New York Giants: What We Learned from Week 5 Win over Cleveland Browns
After falling behind 14-0 in the first half, the Giants came roaring back and scored 27 unanswered points in the second and third quarters and beat Cleveland 41-27.
Early on, it looked like it was going to be an ugly game for the Giants, but then they remembered they were the defending Super Bowl champions and played like the better team.
With the victory, the Giants improved to 3-2 on the season and will next play the San Francisco 49ers in Week 6, a game that will be a rematch of the 2011 NFC Championship Game.
What did we learn from the Giants this week against Cleveland?
Click through to continue and find out.
The Giants Struggled Against Trent Richardson
For the second week in a row, another star running back gave the Giants defense a major fit.
Trent Richardson said he could run the ball and make plays against the Giants, and he backed up his words.
The rookie had 17 carries for 81 yards and a touchdown, along with five catches for 47 yards.
What really impressed me about Richardson is how elusive he is and his ability to shed defenders.
The Giants aren't a bad defense, but on Sunday, Richardson was making them look like one.
The best way to stop him is by gang tackling him, because at times, one and two defenders weren't getting it done.
The Giants' Pass Rush Was Nonexistent
I honestly thought this game would be the one in which the Giants' defensive line got going and put pressure on the opposing quarterback.
It was the opposite. In fact, the pass rush was nonexistent.
Shockingly, the Giants defense failed to sack Brandon Weeden even once.
I have to give a lot of credit to Browns starting tackle Joe Thomas, who got the better of Jason Pierre-Paul in this game, even putting him on his back a few times.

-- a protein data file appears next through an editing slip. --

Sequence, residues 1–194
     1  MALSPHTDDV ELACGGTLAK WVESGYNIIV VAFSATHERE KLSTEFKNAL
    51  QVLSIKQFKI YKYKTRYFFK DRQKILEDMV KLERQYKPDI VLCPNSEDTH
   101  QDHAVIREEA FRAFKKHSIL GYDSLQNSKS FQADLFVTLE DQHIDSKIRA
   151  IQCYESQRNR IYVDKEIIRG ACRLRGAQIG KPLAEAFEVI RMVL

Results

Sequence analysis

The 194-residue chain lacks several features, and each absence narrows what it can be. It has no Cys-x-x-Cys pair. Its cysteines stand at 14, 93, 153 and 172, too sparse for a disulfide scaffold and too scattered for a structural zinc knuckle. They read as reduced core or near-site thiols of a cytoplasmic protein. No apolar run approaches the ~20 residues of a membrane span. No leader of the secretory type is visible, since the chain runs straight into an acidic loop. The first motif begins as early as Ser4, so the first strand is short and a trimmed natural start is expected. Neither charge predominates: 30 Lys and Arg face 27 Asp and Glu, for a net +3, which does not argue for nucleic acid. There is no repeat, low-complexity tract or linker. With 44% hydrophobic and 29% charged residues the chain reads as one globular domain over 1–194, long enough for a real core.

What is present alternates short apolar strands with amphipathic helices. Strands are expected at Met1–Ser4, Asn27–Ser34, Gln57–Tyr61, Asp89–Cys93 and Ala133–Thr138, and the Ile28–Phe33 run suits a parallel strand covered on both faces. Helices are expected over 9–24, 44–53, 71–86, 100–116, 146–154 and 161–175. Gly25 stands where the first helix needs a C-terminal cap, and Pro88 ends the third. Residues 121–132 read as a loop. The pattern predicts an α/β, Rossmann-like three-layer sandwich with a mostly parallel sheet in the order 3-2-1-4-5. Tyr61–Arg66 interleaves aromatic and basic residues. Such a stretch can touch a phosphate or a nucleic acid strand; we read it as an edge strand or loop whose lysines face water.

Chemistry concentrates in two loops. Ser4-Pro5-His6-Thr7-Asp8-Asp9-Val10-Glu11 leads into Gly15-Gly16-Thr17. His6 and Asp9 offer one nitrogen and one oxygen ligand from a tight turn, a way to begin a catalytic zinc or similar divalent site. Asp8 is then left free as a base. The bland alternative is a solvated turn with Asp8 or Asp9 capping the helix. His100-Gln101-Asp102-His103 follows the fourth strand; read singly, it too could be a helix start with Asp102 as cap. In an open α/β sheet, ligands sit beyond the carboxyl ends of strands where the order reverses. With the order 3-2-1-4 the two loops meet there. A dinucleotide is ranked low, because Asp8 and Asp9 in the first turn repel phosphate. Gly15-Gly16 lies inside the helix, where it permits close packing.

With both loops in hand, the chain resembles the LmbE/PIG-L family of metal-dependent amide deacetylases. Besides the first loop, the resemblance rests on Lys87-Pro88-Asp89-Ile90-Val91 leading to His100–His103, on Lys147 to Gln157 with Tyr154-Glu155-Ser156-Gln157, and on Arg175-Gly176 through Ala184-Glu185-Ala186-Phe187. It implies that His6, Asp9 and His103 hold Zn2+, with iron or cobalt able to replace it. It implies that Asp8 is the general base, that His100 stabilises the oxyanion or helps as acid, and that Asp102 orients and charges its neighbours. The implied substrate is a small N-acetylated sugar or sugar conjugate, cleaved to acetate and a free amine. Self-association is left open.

For the fifth game in a row, Justin Tuck did not record a sack, which is beginning to be a problem because he's supposed to be a premier pass rusher. Though Tuck is getting pressure, you have to wonder when he will get that first sack.
For a unit that is normally a strength of the team, the Giants defensive line has not been its usual dominant self through the first five weeks of the season.
That has to change real soon.
Rueben Randle Was Finally Able to Contribute
Earlier in the week, I had talked about how Rueben Randle needed to step up in place of Ramses Barden, who was out with a concussion.
After having just one catch for four yards, Randle was finally able to make a positive impact for the Giants against the Browns, catching six balls for 82 yards, with a long of 36 yards.
While it wasn't a breakout performance, it was still a step in the right direction for the rookie from LSU. It showed Tom Coughlin and Eli Manning that Randle can be a dependable target.
Randle did drop a catchable pass in the game, but that was really his only mistake. Otherwise, he had a solid performance for the Giants.
Hopefully for them, he can have many more.
Victor Cruz Was a Touchdown Machine
On Sunday, it seemed like every time Victor Cruz touched the football, it was going for six.
Cruz only had five catches for 50 yards—numbers that don't jump out at you.
However, Cruz had three touchdown catches against the Browns and was the red-zone go-to guy for Eli Manning.
Cruz had touchdown catches of three yards, seven yards and 28 yards, giving him five TD receptions on the year.